Let me back up a step and explain what the situation was. In this particular transaction, we had two offers: Buyer #1, an owner occupied offer, came in just slightly over asking but with a credit making it essentially asking price. 80/20 loan with a 45 day close that suited both the buyer and seller’s timelines. This is the offer we took, and then later that day, after all the signatures had dried, we received an all cash, 20 day backup from an investor for full asking price from Buyer #2. Buyer #1 ran a regular home and pest inspection – both of which came back with such minor things that he waived a request for repairs or doing further reports. In the end though, he could not get his financing to clear in time and the deal fell through right around 20 days to close. In comes Buyer #2 and we begin our new escrow.
The great thing about having a backup with cash meant that we did not need to worry about the loan falling through a second time. There was no waiting for final approvals or information sitting with underwriting or an appraisal coming back at the correct amount. Two less headaches, two less hurdles. But just because those were cleared away in this particular case, doesn’t mean the rest of the process stopped. And so we get to my first point: He still had an inspection period. Buyer #2 decided to not run new home or pest inspections BUT he did decide he wanted to run a sewer check. And sure enough, the sewer check uncovered roughly $4500 in damages to the sewer line that previous inspections did not show. $4500 in credits the buyer wanted – or he would walk completely.
Here’s where my second point comes in: each buyer is different. As I’ve said earlier, each buyer has different motivations and different personalities. Where the first buyer was willing to negotiate things, the second buyer was a hard-lined business man with a bit of a volatile temper who did not want to incur the extra issues and didn’t have the emotional connection to the home. He was perfectly okay to walk away and not think twice about it. The sellers had a difficult choice in front of them and one they understandably resented to some extent having to make.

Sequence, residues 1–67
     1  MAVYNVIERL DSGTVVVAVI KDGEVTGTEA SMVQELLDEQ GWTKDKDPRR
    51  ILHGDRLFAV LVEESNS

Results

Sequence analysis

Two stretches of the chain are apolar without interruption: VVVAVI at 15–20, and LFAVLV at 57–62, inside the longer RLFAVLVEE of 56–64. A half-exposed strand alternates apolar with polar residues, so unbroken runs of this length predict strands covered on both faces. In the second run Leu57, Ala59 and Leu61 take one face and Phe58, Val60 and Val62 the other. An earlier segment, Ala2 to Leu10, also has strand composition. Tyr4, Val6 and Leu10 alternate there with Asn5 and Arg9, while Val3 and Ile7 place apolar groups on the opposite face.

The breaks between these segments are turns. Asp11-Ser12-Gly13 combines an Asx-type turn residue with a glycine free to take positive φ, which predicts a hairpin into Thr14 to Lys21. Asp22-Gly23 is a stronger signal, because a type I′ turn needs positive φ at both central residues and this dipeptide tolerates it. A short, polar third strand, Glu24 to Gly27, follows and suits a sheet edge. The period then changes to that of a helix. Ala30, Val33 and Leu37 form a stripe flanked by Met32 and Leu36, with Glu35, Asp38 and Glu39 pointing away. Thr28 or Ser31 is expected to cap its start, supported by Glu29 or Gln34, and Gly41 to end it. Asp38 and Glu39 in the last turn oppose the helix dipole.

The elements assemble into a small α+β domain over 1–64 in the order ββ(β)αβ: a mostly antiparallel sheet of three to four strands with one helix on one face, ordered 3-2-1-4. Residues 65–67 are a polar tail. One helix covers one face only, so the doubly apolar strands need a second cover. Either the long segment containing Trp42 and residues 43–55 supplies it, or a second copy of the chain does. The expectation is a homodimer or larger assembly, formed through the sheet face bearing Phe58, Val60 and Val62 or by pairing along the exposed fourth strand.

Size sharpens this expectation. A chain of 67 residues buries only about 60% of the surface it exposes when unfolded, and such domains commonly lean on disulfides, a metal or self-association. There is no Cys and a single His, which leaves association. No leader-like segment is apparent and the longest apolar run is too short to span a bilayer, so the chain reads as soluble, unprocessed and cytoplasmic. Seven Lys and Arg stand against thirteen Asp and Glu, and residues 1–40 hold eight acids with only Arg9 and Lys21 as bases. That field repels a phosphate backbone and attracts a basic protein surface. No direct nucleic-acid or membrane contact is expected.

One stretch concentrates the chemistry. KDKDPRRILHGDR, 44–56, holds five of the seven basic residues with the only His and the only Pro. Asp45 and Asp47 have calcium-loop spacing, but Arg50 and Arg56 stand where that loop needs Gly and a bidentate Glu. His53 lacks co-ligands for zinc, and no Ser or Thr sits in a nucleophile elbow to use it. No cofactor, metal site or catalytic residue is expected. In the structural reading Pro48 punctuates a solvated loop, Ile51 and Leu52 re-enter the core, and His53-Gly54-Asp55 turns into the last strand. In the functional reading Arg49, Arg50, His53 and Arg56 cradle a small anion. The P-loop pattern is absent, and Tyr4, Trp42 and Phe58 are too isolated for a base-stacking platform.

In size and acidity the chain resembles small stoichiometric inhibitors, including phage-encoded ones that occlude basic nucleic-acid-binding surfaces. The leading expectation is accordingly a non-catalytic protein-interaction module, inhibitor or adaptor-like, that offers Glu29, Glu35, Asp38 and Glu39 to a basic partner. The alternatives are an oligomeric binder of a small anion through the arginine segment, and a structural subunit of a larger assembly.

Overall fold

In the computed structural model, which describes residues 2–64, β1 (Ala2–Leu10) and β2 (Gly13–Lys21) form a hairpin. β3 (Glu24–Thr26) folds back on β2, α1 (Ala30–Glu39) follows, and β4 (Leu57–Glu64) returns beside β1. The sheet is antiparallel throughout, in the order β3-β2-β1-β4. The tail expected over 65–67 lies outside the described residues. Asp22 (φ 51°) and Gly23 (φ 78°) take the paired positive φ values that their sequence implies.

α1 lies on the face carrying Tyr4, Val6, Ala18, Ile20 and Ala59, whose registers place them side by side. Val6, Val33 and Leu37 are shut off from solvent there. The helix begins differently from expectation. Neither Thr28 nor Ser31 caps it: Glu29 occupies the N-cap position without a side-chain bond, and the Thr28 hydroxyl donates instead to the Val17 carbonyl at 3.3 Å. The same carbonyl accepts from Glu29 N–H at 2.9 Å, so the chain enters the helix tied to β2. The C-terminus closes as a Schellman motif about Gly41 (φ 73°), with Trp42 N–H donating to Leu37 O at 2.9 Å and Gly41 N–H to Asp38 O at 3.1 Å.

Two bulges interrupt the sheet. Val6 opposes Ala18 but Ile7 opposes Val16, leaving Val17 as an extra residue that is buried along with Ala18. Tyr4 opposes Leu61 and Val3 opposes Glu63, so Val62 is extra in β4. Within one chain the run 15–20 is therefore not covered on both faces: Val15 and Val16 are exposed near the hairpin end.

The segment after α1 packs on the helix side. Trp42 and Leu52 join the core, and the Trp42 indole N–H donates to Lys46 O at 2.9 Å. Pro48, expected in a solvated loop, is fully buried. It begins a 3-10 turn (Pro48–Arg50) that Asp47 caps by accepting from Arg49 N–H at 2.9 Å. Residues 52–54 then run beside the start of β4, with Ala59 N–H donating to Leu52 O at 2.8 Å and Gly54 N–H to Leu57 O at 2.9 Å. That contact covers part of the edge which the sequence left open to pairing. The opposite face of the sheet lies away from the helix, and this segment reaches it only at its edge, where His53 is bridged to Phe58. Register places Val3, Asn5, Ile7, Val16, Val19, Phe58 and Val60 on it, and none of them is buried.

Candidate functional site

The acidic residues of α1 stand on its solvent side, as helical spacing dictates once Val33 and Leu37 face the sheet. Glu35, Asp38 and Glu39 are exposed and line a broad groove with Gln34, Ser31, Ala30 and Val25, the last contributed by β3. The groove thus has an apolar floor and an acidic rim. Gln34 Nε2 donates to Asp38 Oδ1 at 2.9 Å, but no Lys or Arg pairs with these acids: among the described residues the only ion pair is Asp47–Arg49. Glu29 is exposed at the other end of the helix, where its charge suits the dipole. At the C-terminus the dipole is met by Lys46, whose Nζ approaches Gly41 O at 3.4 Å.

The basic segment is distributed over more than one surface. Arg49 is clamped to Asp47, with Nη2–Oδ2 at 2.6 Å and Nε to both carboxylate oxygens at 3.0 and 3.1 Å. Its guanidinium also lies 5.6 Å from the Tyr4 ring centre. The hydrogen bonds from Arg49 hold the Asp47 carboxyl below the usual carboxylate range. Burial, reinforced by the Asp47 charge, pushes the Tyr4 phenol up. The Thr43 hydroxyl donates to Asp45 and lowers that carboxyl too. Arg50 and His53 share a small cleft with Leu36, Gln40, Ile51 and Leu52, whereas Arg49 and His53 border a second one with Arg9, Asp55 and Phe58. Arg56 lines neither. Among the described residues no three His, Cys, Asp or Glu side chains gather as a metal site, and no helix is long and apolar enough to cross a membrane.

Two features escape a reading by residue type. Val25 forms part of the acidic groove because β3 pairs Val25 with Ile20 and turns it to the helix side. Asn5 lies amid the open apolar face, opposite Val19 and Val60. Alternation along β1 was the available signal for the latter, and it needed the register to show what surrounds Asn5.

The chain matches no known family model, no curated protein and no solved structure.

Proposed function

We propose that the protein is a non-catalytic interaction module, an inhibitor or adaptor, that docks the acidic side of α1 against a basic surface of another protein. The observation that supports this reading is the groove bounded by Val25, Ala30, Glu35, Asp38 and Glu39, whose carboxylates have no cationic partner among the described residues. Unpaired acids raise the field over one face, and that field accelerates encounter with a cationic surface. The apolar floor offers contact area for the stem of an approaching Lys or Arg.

In the end, the home sold for more than the sellers anticipated getting for it, and on their timetable (although the buyer did try to push out closing and it was a little hairy there at the end!). Overall I chalk the sale up to a win. At the same time, I feel bad that the seller’s didn’t have the overall experience they were expecting with Buyer #2 because they expected cash to equate it being perfect. Real estate is a complicated and emotional process. For most people, we’re not only dealing with the largest asset they own but also one of their basic needs: shelter. My job is to minimize the complications and smooth out any wrinkles. In the end, that’s exactly what happened. But at the same time it’s important to note that minimizing does not mean removing completely and things could still potentially happen. I try to look back after every sale to see what I could’ve done differently and see if there is anything I can take away to improve myself. What could I have done differently here? Perhaps I could have emphasized that while cash is a great back up option to have, and yes – it does have less hoops to jump through – it will still have many similarities to a traditional sale. When dealing with different parties and different circumstances, there will be different potential snags and that as their agent, I will do my best to be sure the deal is as smooth as I can make it for them regardless of if it’s cash or if it’s a loan.
If you’d like more information on the San Fernando Valley or Los Angeles, or to have help looking for your next home, please feel free to reach out! I’m happy to help, no obligation.